Our commitment to free university education tuition remains. In addition, we want to see an increase in the number of Scots from disadvantaged backgrounds accessing higher education. A child born today in one of our most deprived communities should have no lesser chance of entering higher education than a child born in one of our least deprived. We want every child - whatever their background - to have an equal chance of attending university. Right now, those from the poorest backgrounds are significantly under-represented amongst university entrants.
We recognise this is a complex issue to address and we will therefore set up a Commission on Widening Access to advise us on critical steps and milestones. Although the primary focus is on improved access and qualification outcomes in higher education, the entire education system has a role to play and will be challenged to respond, not least by closing the attainment gap in schools. In immediate support of that response, we will double the funding available for local widening access initiatives through the Scottish Funding Council's Impact for Access Fund.
The earlier we start the better. In the coming year we will support the provision of 600 hours of childcare to over 120,000 3 and 4 year olds and eligible 2 year olds. In the years ahead we want to build upon that to almost double the number of free hours to 30 hours a week of free childcare by the end of the next Parliament, and we will begin to plan for this expansion immediately. Our plans are also well advanced so that from January 2015 children in Primaries 1 to 3 will be eligible for a free school meal - up to 165,000 children guaranteed at least one nourishing meal a day, benefiting health and wellbeing and attainment.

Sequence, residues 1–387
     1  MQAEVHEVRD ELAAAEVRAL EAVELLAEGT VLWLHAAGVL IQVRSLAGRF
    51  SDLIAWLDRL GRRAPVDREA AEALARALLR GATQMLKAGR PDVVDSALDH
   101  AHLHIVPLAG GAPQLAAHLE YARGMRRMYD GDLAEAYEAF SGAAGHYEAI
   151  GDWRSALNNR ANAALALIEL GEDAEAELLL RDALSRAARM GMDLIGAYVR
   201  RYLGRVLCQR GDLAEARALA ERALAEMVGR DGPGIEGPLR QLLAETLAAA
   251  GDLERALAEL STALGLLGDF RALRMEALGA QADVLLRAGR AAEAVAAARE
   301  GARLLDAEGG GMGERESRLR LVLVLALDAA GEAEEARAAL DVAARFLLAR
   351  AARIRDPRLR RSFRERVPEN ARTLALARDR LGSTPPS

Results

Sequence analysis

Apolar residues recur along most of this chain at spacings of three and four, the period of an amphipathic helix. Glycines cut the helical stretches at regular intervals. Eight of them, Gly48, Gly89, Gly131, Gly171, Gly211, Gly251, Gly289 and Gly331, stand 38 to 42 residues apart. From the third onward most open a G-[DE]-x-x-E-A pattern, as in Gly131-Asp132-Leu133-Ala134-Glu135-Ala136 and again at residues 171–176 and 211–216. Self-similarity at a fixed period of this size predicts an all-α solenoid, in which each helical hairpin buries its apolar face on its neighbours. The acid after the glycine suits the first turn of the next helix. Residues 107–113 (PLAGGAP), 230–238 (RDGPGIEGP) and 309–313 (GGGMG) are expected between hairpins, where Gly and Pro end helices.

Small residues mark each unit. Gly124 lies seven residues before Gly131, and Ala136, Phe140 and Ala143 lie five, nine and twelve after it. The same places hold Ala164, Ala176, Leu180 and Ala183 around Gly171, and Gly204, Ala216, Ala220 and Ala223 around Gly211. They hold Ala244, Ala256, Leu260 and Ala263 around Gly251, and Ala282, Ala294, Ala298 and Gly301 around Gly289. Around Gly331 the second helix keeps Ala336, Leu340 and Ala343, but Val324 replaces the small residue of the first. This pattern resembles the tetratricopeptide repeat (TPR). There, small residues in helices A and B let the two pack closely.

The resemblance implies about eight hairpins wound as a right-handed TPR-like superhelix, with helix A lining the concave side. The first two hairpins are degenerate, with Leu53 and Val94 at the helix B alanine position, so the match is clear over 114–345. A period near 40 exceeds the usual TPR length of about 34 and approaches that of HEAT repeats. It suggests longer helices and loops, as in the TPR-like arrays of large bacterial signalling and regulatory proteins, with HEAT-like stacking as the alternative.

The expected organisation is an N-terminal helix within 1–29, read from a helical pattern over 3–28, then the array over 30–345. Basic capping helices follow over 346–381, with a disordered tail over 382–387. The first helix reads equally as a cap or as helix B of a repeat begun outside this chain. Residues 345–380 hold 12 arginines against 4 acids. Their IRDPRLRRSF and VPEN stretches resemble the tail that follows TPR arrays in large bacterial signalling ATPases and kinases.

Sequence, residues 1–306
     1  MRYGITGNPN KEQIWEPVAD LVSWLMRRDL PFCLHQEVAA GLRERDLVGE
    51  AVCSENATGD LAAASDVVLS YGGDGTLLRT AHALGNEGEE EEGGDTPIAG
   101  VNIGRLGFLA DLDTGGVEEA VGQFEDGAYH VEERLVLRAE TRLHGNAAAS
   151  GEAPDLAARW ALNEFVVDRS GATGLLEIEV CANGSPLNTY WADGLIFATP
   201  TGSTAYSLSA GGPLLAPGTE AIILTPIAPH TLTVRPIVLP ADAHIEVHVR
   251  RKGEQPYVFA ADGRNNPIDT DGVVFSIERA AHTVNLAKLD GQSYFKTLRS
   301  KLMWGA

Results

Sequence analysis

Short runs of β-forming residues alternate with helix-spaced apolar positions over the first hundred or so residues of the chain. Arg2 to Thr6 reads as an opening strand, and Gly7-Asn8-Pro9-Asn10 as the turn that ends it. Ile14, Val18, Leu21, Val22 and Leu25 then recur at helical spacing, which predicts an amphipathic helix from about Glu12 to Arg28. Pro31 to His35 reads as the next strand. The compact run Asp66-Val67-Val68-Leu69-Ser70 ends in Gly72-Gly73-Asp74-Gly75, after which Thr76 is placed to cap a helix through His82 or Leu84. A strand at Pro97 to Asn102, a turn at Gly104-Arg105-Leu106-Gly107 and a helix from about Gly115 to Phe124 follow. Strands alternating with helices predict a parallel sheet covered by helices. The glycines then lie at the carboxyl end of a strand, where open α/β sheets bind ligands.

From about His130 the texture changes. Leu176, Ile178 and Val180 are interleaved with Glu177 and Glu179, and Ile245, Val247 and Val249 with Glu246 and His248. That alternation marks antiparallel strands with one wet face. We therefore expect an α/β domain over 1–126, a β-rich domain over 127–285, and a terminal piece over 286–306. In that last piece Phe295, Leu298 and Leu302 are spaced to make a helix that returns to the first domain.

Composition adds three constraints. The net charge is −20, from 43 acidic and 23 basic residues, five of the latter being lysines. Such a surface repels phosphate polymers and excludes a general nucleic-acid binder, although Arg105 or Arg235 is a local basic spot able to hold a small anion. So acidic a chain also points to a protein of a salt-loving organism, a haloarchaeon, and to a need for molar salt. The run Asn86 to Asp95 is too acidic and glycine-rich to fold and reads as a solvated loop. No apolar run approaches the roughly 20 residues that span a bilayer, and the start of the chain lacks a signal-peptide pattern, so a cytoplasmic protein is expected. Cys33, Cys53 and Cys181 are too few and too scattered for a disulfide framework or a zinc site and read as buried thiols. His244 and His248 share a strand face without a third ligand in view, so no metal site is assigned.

These are the kinds of practical steps we are taking to reduce intergenerational poverty. Scotland is estimated to have the 14th highest level of output per head in the OECD. As a wealthy nation we have the resources to end the disgrace of children being born into poverty and never escaping from it. But this will need the combined focus, commitment and expertise from national and local government, as well as every public body, and from Scottish businesses and the third sector. But most of all it will need us to find new and better ways to engage with the communities and people in the deepest need. We should not pretend that we have all the answers. We don't. We want to support locally based groups across the country to be able to improve the economic, social and environmental lives of their communities. We are therefore committed to increasing the investment in direct community funding by an additional £10 million in 2015-16, so that even more communities are able to take advantage of the new powers in the Community Empowerment Bill and make a difference in tackling inequalities on their own terms.
We need to make sure we hear and understand people's views on what will make the most difference to their lives. That kind of direct, open and accessible engagement will define the Government that I lead.
All our public bodies and agencies need to respond to this agenda too. Our public service reform agenda has been focused on putting people at the centre of public service design and delivery. Our reforms to policing and to fire and rescue are examples of how we can unlock benefits in the form of more cost effective and better services for the public. Our next big phase of reform will be the integration of health and social care. The planned changes are designed to provide seamless care to adults, often in their later years, who move between the health service and local authority care. In these reforms more than any other it will be vital that the needs of the individual are paramount in the way our Health Boards and local authorities take the new arrangements forward.
We already have firm plans to hand decisions over key issues to communities. The Community Empowerment Bill will give community bodies the chance to take ownership of land and buildings and will strengthen the voice of the community in the decisions that matter to them.